Unlike female professional boxing (which is developed according the same rules as men's professional boxing and being a profitable busliness), there are several forms of amateur female boxing matches - from athletic competitions in the Olympis style to bouts of light-trained but "tough girls".
Female boxing matches became very popular and they are held in any quarters: in gyms, in theaters, in bars, in clubs, in apartments etc. Such matches are recorded and a lot of companies then sell tyhe video and DVD tapes. Amateur bouts are orginized on the regular basis, sometimes as tournaments of even regional and state championships. Female amateur boxing tournaments and championships are held in many European countries, in the USA, Australia and New Zealand. In 1988, Sweden was the first country to have female boxing competition sanctioned by its national boxing federation. Besides tournaments and championships individual women's boxing matches are held - for amusement or for video recording.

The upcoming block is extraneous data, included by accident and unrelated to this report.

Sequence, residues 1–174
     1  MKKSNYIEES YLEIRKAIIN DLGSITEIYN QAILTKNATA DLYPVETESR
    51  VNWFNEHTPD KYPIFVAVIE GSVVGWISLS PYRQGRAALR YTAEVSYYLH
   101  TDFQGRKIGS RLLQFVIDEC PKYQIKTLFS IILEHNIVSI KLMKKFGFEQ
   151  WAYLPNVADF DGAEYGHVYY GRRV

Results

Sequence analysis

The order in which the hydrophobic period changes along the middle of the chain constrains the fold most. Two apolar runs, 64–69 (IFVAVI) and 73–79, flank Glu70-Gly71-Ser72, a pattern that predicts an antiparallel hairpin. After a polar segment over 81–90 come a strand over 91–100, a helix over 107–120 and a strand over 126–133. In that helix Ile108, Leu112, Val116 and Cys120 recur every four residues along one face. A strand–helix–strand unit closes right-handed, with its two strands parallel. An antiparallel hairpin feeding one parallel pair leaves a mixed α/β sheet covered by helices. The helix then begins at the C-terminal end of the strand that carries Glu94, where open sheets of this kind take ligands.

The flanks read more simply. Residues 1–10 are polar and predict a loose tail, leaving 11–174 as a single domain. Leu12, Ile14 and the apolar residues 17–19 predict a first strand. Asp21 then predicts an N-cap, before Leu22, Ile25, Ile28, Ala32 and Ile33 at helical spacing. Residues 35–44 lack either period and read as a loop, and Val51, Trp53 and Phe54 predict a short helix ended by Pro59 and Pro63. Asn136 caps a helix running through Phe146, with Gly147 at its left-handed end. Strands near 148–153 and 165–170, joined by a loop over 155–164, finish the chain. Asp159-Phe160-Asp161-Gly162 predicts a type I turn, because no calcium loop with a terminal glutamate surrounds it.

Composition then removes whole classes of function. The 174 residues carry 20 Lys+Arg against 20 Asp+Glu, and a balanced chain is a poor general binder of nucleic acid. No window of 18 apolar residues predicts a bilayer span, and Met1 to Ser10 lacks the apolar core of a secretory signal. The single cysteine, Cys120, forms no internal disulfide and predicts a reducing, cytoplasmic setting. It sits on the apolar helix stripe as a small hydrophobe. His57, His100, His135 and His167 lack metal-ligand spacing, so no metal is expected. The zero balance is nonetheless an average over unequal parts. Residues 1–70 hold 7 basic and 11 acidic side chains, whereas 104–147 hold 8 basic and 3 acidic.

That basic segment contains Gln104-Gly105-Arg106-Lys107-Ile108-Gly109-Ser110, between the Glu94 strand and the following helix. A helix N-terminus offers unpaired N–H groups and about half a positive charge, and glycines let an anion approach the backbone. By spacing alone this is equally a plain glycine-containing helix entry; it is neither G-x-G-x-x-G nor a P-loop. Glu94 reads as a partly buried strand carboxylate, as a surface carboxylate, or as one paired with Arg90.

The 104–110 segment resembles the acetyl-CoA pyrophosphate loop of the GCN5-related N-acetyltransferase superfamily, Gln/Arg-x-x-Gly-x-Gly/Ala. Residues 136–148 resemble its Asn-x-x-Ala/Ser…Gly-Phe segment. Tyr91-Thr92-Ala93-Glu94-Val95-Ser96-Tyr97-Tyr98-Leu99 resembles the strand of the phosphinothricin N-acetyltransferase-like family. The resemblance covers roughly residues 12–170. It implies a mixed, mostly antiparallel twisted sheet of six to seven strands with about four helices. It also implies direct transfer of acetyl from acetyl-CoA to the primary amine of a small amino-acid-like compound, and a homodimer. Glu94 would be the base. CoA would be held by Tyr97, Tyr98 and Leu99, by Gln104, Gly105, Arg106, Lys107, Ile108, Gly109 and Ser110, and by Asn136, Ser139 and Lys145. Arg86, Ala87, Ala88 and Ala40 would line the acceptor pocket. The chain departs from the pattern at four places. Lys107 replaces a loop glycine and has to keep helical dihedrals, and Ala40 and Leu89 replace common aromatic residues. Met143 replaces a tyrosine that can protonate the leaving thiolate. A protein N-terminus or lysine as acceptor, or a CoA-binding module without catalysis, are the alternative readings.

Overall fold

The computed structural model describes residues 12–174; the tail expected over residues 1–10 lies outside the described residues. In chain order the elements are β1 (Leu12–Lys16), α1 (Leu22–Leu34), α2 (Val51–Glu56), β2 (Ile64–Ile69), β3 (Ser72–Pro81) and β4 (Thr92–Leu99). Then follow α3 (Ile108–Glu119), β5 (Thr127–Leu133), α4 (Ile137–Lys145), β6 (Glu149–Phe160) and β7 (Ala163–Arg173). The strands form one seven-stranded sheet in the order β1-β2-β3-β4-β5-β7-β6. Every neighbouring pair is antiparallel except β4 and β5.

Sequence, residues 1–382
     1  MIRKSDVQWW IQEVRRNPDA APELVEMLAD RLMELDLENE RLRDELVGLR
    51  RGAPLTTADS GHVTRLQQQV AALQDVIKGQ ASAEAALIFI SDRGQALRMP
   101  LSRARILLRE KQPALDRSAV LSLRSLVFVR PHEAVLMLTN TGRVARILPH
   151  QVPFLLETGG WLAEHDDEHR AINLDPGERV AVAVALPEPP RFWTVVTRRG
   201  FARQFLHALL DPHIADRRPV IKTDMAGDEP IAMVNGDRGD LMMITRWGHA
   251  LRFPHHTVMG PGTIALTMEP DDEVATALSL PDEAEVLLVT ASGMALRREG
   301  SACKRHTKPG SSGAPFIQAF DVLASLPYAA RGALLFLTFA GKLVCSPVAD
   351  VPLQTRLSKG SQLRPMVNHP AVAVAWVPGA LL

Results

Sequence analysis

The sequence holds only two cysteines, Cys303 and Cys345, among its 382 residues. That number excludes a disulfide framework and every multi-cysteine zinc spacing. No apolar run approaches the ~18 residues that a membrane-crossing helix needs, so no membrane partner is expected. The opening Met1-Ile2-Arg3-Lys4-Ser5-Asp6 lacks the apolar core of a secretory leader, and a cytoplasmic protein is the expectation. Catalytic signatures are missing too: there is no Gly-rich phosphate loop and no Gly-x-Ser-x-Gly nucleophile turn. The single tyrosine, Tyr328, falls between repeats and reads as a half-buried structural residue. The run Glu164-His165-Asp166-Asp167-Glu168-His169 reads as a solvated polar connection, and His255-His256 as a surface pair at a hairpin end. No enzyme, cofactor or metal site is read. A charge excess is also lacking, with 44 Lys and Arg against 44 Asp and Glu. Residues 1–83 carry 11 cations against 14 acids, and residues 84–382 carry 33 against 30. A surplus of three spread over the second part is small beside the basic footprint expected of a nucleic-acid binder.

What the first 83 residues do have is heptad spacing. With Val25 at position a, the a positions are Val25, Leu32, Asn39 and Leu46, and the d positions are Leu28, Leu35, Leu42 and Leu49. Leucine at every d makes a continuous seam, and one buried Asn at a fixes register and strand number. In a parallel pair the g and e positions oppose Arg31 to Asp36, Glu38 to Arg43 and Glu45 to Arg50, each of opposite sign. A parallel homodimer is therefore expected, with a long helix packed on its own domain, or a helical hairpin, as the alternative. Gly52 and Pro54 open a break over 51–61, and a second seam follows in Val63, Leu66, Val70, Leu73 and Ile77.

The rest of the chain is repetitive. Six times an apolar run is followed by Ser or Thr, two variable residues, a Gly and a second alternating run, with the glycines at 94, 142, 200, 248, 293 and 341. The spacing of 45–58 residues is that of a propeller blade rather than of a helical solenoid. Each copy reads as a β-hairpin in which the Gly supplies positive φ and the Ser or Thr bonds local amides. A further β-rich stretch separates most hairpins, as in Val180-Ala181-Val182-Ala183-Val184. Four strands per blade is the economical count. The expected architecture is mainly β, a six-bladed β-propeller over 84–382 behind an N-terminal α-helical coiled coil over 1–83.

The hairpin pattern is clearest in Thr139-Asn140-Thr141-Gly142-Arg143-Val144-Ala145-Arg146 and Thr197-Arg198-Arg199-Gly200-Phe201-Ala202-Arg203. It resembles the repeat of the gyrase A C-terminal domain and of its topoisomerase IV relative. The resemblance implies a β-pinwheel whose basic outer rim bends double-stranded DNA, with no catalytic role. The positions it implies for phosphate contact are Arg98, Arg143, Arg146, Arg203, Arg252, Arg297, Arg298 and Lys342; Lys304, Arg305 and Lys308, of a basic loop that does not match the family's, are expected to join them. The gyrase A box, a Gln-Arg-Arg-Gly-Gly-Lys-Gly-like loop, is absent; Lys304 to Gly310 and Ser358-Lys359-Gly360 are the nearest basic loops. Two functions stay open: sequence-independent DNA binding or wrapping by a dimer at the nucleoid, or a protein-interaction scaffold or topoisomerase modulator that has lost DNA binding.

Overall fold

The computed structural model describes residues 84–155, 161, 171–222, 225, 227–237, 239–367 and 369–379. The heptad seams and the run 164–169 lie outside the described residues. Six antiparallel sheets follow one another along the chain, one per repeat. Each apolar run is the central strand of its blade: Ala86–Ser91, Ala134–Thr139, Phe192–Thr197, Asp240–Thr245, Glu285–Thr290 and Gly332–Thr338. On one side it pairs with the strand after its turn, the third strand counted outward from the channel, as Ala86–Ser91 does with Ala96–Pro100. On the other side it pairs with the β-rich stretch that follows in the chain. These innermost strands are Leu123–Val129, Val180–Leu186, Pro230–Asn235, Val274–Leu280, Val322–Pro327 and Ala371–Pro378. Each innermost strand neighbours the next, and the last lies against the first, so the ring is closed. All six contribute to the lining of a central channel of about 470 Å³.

Very popular amateur boxing tournaments for girls are regularly held in the USA - "Golden Gloves". Girls compete by weight and by age categories. The most of participants are teenager girls. The "youngest" category is 11-12 year old, so even young pre-teenage girls are playing serious boxing. There is lack of heavyweights on the tournament though. For instance, on the 2003 tournament two winners were announed without contests in the two heaviest categories (189lb and 176lb) - Elizabeth Kerin and Bose Iajaola (both from Illinois) won unopposed. As a matter of fact, a month later the both boxers fought in two Russian tournaments. Kerin won one bout and lost another one bout but Iajaola was defeated twice (the bout against Olga Novoselova was stopped by an obvious Olga's advantage over Bose).